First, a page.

Hidden Treasures of the Ancient Qabalah, by Elias Gewurz, , at sacred-texts.com
The Mystery of Time and Space
O, sometimes comes to soul and sense
Time and space are the fundamental conceptions which form the warp and woof of our thought. We cannot think of anything except it is, was or is to be, and yet, in their very essence, time and space are the most elusive of problems and can never be grasped by the mind of man. What is time? What is space? What existed before time began, and what will remain when time is no more? What does space mean? Is it a homogenous substance of one kind? or is it heterogeneous and formed of a variety of elements? Where does space cease to be? What is there where space is not? Now these are a few questions very interesting indeed and pregnant with thought. We may not succeed in finding a final solution to the lot of them, but we may perchance succeed in contributing a mite towards a
better understanding of them.
Science, the interpreter of the laws of nature and of the principles underlying them, cannot help us in our search to solve the mystery of time and space. The proper domain of Science is the physical universe.
This modern archangel (science) has no wings. An invincible giant, when her feet touch the earth, her marvelous power, her initiative, wisdom and penetrating intelligence are all gone the moment she rises above the soil, and, though it be only a few inches, upon this battlefield she is overcome at oncefaint and almost inanimate in an unequal battle because she could not readjust her energies to new conditions. At present science is a child of earth and waits for her redeemer, through whom she will be born again a child from heaven.
In the matter of positive investigations, science has no equal; she is almost infallible, but she is at once rendered powerless when confronted by a problem of the spiritual order, or even when it concerns aso
to saymixed problem (such as the genesis of matter or the abnormal organic growths of animals or plants) science is silent, or perhaps just stammers.
Now that which the seemingly almighty scientific mind cannot accomplish by its own unaided efforts, the spiritually awakened soul can, and often does, accomplish. Time and space do not exist for the soul of man. The mystery which they constitute to the earthly mind is non-existent to the enlightened spirit. Time, or the succession of events pertain to things material. On the spiritual planes we live in feeling and thought, and it is the feebleness or strength of these which determines the quality of our life on those planes, and distinguishes one being from another. Space again is equally illusory to the soul. Spirit is not separated from spirit by distance, but by discord of nature, and on the other hand spirit is not united to spirit except by the affinity subsisting between them. We can be thousands of miles away from our loved ones but we do not get estranged from them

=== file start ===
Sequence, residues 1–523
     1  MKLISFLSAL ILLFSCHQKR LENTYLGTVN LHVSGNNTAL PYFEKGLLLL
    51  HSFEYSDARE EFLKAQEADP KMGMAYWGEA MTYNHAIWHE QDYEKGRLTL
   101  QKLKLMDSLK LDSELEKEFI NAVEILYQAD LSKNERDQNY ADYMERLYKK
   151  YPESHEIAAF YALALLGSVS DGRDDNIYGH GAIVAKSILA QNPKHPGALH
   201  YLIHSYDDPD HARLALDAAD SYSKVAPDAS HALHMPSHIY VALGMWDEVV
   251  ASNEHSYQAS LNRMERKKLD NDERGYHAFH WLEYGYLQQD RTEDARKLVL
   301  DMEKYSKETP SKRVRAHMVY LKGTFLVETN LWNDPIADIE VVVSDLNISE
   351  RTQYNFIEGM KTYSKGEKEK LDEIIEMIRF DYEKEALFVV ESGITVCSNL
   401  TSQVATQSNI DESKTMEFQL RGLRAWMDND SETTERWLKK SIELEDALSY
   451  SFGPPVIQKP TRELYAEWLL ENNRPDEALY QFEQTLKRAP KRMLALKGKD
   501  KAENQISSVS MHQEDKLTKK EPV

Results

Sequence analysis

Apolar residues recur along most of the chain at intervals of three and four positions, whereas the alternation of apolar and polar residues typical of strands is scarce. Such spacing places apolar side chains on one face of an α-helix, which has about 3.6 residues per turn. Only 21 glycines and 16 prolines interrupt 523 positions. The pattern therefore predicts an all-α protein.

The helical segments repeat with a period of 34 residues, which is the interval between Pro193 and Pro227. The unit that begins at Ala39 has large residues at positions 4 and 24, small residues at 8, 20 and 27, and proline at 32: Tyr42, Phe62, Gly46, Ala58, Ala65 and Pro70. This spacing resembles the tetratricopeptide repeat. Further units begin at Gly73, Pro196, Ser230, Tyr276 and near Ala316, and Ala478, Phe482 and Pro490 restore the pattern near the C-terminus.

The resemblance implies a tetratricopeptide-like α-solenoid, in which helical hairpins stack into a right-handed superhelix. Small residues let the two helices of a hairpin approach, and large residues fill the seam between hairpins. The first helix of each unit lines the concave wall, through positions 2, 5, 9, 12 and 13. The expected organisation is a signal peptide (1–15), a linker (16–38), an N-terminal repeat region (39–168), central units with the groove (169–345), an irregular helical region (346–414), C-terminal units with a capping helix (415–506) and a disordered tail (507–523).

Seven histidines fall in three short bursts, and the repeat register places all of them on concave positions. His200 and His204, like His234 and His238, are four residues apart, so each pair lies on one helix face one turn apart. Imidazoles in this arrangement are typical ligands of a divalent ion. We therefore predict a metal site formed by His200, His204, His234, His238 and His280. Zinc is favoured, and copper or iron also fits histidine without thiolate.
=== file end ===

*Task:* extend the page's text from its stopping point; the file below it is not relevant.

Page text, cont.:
thereby, whereas we may be very close in space to one wishing us ill, and the fact of spatial proximity will not bring our souls nearer to each other. The eternity of time and the infinity of space can be viewed and grasped by those beings only whose minds have learned to function beyond those concepts. Just like the law of Karma which must be transcended in order to be understood, so must the limits of time and space be got rid of by the spiritualization of our thought before we can grasp their meaning. To incarnate humanity, dependent in a thousand different ways upon material conditions, time and space are necessary conceptions; without them there would be chaos in our minds. But for the liberated soul, even on the earth plane, time and space can be relegated to the limbo of things superfluous.
When man once makes up his mind to live the higher life and to think of every experience as related to the spirit and either helpful or hurtful to it, then time and space will matter little to him. His motive and
his action and the spirit that prompts them are all that he cares for, from the moment of his surrender.